ST. PAUL -- Minnesota legislators met almost 19 weeks with one overriding job: Balance the state budget.
They left the Capitol for the year Monday night, leaving Gov. Tim Pawlenty to finish the job, although in the 2009 legislative session's final three hours Democrats drew up a new $1 billion tax increase similar to one the governor already vetoed.
A last-minute flurry of activity failed to nail down an overall state budget agreement, a failure Pawlenty said means he will cut spending on his own. In the coming weeks, he expects to chop $2.7 billion of spending to bring it in line with expected state revenues.
Those pending cuts left many questions for local government officials, school leaders and people who depend upon state-funded health programs, all whom could see state funds shrink.
Democrats wrote their last-minute tax bill to ease spending cuts Pawlenty would make. They wanted to pass a tax bill that delay state payments to schools, saving about $1.7 billion in the next two-year budget, and raise taxes around $1 billion. The alcohol tax and income taxes on wealthy Minnesotans would be increased.
Sen. Rod Skoe, DFL-Clearbrook, a tax committee negotiator, said lawmakers know Pawlenty opposes tax increases, but said the Legislature's job is to balance the budget.
"We think that it's important to mitigate the unallotment process as much as we can, and we're giving one more shot at it," Skoe said.
The 201 legislators debated a series of bills on their final day -- medical marijuana, seat belts and other issues that had been pushed aside earlier as the budget took priority.
Among bills heard in the final three hours of the session was one spending $397 million in the next two years on outdoors and arts projects with money from a sales tax increase voters approved last Nov. 4. A final vote was not expected until about midnight.
"This is the promise to the future," Rep. Mary Murphy, DFL-Hermantown, said about habitat, parks, trails, arts, history and other areas funded in the bill.
Water clean-up work would get the most money from Murphy's bill, $151 million. Also funded are arts, $93 million; outdoor heritage fund, $88 million; and parks and trials, $65 million.
It was a historic session because lawmakers faced a record-high $6.4 billion deficit in the two-year budget that starts July 1. One-time federal aid shrunk the shortfall to $4.6 billion.
The Democratic-Farmer-Labor-controlled Legislature and Republican Pawlenty agreed some spending cuts were needed, but could not agree on how to plug the entire deficit. Democrats wanted to raise taxes; Pawlenty refused.
Legislative leaders put the best possible spin on the session's outcome Monday, even as efforts to reach a budget agreement were failing.
"Pretty remarkable" is how House Speaker Margaret Anderson Kelliher, DFL-Minneapolis, described the session.
The good news, Kelliher said, is that "there will be no government shutdown, there will be no special session."
Both were promises Pawlenty made Thursday when he announced his planned historic use of an "unallotment" law to reduce state spending without legislative approval.
This is the first time a Minnesota governor is using unallotment to essentially write a budget. Governors occasionally have used unallotment to trim budgets when revenues fell below expectations near the end of a budget cycle.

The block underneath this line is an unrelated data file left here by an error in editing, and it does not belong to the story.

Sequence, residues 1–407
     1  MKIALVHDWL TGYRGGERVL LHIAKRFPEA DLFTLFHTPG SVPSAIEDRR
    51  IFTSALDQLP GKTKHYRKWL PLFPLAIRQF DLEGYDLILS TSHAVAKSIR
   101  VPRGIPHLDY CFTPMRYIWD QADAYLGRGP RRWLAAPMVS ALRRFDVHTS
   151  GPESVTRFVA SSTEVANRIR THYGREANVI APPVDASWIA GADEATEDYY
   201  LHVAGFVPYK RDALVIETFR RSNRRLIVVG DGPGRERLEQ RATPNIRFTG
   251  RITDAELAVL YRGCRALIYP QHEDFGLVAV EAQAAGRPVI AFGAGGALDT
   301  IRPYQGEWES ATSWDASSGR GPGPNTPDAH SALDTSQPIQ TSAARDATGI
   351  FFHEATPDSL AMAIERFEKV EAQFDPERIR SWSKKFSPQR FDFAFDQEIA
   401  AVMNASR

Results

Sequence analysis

Pawlenty has said that he likely will delay payments to schools to make up much of the remaining deficit. And it appears he will reduce state payments to local governments, perhaps by several hundred million dollars. Another expected target is health-care services.
The governor's spokesman, Brian McClung, said no timeline has been established for when Pawlenty will make decisions on specifically what to cut.
House Minority Leader Marty Seifert, R-Marshall, blamed Democrats' repeated attempts to raise taxes for failure to negotiate a deal.
He complained that the DFL-led Legislature sent bills spending $34 billion in the next two years to the governor, while agreeing with Pawlenty on just $31 billion in revenue.
"Democrats sent $3 billion of red ink out to the people of Minnesota," Seifert said.
Also in the Legislature's final day:
l The House passed 70-64 a bill allowing terminally ill patients to use marijuana to ease pain, with the Senate agreeing 38-28. "This bill is about compassion for people who are sick and dying," said bill Sponsor Rep. Tom Rukavina, DFL-Virginia.
Minnesotans could not grow their own marijuana under the bill. Pawlenty says he will veto the bill.
Rep. Rod Hamilton, R-Mountain Lake, said he opposes medical marijuana, even though he someday may need it because he has multiple sclerosis. "I'm a parent first and an MS patient second."
l The House approved 95-39 and the Senate 46-8 a bill requiring schools to establish an anti-bullying policy. Earlier references to reasons for harassment, especially the controversial reference to gay students, were removed.
l The House passed 73-60, with the Senate following 47-19, a bill that would allow law enforcement officers to pull motorists over when someone in the vehicle is not wearing a seat belt. Under current law, drivers and passengers may be ticketed for not wearing belts, but a vehicle cannot be stopped for that reason.
Rukavina succeeded in his effort to amend the bill to allow motorists passing vehicles on two-lane roads to drive faster than the speed limit.
l Trucks about half the size of normal ones would be allowed on county roads under a bill the House approved 122-8.
l Both chambers passed a bill designed to eliminate problems discovered in absentee voting in last year's U.S. Senate election.
Bills not passed by both the House and Senate this year remain alive and still may receive debates next year.
Davis works for Forum Communications Co, which owns the Daily Globe. State Capitol reporter Scott Wente contributed to this story.